Recruiting people with HIV to an online self-management support randomised controlled trial

Barriers and facilitators

Karen M. Klassen, Tanya Millard, Julia Stout, Karalyn McDonald, Sarity Dodson, Richard H. Osborne, Malcolm W. Battersby, Christopher K. Fairley, Michael R. Kidd, James McMahon, David Baker, Julian H. Elliott

Research output: Contribution to journalArticleResearchpeer-review

Abstract

Background: Recruitment of people to randomised trials of online interventions presents particular challenges and opportunities. The aim of this study was to evaluate factors associated with the recruitment of people with HIV (PWHIV) and their doctors to the HealthMap trial, a cluster randomised trial of an online self-management program. Methods: Recruitment involved a three-step process. Study sites were recruited, followed by doctors caring for PWHIV at study sites and finally PWHIV. Data were collected from study sites, doctors and patient participants. Factors associated with site enrolment and patient participant recruitment were investigated using regression models. Results: Thirteen study sites, 63 doctor participants and 728 patient participants were recruited to the study. Doctors having a prior relationship with the study investigators (odds ratio (OR) 13.3 95% confidence interval (CI) 3.0, 58.7 P = 0.001) was positively associated with becoming a HealthMap site. Most patient participants successfully recruited to HealthMap (80%) had heard about the study from their HIV doctor. Patient enrolment was associated with the number of people with HIV receiving care at the site (β coefficient 0.10 95% CI 0.04, 0.16 P = 0.004), but not with employing a clinic or research nurse to help recruit patients (β coefficient 55.9 95% CI -2.55, 114.25 P = 0.06). Conclusion: Despite substantial investment in online promotion, a previous relationship with doctors was important for doctor recruitment, and doctors themselves were the most important source of patient recruitment to the HealthMap trial. Clinic-based recruitment strategies remain a critical component of trial recruitment, despite expanding opportunities to engage with online communities.

Original languageEnglish
Number of pages8
JournalSexual Health
DOIs
Publication statusAccepted/In press - Jun 2019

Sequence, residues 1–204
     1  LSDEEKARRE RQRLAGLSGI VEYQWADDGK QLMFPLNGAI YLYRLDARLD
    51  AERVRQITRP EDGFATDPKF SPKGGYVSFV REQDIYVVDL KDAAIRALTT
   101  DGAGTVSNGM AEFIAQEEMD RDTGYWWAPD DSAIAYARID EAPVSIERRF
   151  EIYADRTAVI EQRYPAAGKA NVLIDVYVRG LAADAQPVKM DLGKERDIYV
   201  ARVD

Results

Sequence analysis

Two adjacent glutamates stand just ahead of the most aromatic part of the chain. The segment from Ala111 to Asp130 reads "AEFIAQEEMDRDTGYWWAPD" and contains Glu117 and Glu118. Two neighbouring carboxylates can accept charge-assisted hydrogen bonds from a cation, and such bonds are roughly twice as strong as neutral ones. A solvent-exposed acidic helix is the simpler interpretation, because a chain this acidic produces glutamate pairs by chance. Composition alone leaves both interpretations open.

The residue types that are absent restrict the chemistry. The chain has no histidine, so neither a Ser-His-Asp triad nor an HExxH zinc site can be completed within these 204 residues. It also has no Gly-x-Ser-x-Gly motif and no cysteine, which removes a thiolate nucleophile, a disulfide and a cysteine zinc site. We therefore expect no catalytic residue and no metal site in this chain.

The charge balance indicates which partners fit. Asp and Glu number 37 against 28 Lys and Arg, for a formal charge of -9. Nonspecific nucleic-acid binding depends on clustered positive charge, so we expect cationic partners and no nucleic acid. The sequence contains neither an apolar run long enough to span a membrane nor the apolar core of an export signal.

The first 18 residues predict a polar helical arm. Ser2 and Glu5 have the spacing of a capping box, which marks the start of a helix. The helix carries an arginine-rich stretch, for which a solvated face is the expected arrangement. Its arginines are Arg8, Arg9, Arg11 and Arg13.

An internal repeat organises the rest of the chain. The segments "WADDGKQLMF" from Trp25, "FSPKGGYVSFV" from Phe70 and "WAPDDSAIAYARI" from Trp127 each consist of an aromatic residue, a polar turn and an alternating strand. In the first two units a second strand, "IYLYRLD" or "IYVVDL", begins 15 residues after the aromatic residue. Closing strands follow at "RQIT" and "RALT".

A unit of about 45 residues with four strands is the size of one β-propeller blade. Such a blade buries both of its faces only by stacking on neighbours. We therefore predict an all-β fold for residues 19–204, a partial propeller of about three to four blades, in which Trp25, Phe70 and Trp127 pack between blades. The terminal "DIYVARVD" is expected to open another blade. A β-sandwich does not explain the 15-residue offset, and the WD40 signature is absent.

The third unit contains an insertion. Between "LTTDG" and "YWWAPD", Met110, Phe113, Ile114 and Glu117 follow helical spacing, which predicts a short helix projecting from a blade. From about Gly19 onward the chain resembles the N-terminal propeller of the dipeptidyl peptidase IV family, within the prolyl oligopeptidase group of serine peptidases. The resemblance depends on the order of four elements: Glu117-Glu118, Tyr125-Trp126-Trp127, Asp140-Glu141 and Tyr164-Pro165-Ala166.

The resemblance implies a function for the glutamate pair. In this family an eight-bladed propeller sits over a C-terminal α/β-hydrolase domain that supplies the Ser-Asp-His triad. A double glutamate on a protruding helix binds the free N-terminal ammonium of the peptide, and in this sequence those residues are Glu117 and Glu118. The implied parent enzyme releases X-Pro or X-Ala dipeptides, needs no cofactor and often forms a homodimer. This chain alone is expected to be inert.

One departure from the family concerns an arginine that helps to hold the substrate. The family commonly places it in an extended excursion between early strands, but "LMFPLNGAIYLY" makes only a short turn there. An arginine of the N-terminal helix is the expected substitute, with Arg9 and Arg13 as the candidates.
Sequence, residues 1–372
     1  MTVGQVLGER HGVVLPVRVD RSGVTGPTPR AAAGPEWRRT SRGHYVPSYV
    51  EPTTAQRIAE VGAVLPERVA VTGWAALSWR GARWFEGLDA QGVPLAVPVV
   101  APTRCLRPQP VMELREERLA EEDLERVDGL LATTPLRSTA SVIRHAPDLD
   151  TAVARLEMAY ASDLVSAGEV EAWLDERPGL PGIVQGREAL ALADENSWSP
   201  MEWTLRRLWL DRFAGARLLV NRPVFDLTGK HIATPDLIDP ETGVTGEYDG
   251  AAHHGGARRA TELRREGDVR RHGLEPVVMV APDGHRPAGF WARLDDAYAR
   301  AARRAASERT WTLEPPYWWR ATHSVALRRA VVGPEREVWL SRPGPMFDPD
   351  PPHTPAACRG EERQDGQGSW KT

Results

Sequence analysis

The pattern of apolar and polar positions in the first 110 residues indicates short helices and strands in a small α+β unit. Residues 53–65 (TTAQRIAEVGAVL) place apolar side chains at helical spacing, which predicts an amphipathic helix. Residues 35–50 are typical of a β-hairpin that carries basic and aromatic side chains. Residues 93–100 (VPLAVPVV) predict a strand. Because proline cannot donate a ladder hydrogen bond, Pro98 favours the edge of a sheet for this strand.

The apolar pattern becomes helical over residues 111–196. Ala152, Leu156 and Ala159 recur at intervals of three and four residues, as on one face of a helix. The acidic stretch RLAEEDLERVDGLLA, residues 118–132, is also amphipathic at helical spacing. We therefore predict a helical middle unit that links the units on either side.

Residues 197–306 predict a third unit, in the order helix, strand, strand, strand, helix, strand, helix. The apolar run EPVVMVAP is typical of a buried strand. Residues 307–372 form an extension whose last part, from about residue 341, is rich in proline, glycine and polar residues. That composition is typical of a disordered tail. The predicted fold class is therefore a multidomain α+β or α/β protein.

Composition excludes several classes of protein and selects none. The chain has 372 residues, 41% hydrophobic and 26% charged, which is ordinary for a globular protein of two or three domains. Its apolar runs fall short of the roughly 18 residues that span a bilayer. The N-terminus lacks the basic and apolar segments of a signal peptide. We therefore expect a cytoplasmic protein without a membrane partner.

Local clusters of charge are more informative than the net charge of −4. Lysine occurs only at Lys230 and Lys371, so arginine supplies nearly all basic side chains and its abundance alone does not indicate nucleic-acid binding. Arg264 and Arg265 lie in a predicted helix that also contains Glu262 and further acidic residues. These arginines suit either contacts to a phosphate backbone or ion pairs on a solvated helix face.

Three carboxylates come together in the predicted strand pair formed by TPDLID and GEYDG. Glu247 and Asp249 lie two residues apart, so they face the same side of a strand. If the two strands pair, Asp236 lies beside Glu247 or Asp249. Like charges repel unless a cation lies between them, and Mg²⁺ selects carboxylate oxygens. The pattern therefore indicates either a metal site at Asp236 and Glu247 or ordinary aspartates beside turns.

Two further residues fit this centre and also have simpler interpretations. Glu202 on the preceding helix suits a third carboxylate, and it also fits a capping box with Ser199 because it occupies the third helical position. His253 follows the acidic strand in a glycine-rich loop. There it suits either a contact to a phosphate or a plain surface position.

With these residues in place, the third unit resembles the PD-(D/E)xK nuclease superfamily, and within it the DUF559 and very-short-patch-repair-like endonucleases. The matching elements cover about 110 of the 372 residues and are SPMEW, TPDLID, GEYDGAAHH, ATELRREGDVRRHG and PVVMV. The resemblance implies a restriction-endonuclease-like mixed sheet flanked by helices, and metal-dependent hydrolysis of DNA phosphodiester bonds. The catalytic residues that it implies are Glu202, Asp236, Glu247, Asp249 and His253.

Keywords

  • clinical trial
  • recruitment

Cite this

Klassen, Karen M. ; Millard, Tanya ; Stout, Julia ; McDonald, Karalyn ; Dodson, Sarity ; Osborne, Richard H. ; Battersby, Malcolm W. ; Fairley, Christopher K. ; Kidd, Michael R. ; McMahon, James ; Baker, David ; Elliott, Julian H. / Recruiting people with HIV to an online self-management support randomised controlled trial : Barriers and facilitators. In: Sexual Health. 2019.
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abstract = "Background: Recruitment of people to randomised trials of online interventions presents particular challenges and opportunities. The aim of this study was to evaluate factors associated with the recruitment of people with HIV (PWHIV) and their doctors to the HealthMap trial, a cluster randomised trial of an online self-management program. Methods: Recruitment involved a three-step process. Study sites were recruited, followed by doctors caring for PWHIV at study sites and finally PWHIV. Data were collected from study sites, doctors and patient participants. Factors associated with site enrolment and patient participant recruitment were investigated using regression models. Results: Thirteen study sites, 63 doctor participants and 728 patient participants were recruited to the study. Doctors having a prior relationship with the study investigators (odds ratio (OR) 13.3 95{\%} confidence interval (CI) 3.0, 58.7 P = 0.001) was positively associated with becoming a HealthMap site. Most patient participants successfully recruited to HealthMap (80{\%}) had heard about the study from their HIV doctor. Patient enrolment was associated with the number of people with HIV receiving care at the site (β coefficient 0.10 95{\%} CI 0.04, 0.16 P = 0.004), but not with employing a clinic or research nurse to help recruit patients (β coefficient 55.9 95{\%} CI -2.55, 114.25 P = 0.06). Conclusion: Despite substantial investment in online promotion, a previous relationship with doctors was important for doctor recruitment, and doctors themselves were the most important source of patient recruitment to the HealthMap trial. Clinic-based recruitment strategies remain a critical component of trial recruitment, despite expanding opportunities to engage with online communities.",
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author = "Klassen, {Karen M.} and Tanya Millard and Julia Stout and Karalyn McDonald and Sarity Dodson and Osborne, {Richard H.} and Battersby, {Malcolm W.} and Fairley, {Christopher K.} and Kidd, {Michael R.} and James McMahon and David Baker and Elliott, {Julian H.}",